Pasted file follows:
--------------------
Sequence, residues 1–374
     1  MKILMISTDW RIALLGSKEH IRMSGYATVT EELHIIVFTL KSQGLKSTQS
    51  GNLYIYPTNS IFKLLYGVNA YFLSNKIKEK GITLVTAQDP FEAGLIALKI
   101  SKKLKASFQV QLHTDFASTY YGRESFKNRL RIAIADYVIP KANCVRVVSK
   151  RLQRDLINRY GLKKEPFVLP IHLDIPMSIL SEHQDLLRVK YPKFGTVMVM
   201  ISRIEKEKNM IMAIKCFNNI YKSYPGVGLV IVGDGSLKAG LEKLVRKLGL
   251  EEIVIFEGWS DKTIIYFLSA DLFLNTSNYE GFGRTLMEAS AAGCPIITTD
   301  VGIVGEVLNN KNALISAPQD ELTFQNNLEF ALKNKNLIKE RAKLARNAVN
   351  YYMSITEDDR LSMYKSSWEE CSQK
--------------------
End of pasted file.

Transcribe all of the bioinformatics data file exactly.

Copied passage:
Sequence, residues 1–374
     1  MKILMISTDW RIALLGSKEH IRMSGYATVT EELHIIVFTL KSQGLKSTQS
    51  GNLYIYPTNS IFKLLYGVNA YFLSNKIKEK GITLVTAQDP FEAGLIALKI
   101  SKKLKASFQV QLHTDFASTY YGRESFKNRL RIAIADYVIP KANCVRVVSK
   151  RLQRDLINRY GLKKEPFVLP IHLDIPMSIL SEHQDLLRVK YPKFGTVMVM
   201  ISRIEKEKNM IMAIKCFNNI YKSYPGVGLV IVGDGSLKAG LEKLVRKLGL
   251  EEIVIFEGWS DKTIIYFLSA DLFLNTSNYE GFGRTLMEAS AAGCPIITTD
   301  VGIVGEVLNN KNALISAPQD ELTFQNNLEF ALKNKNLIKE RAKLARNAVN
   351  YYMSITEDDR LSMYKSSWEE CSQK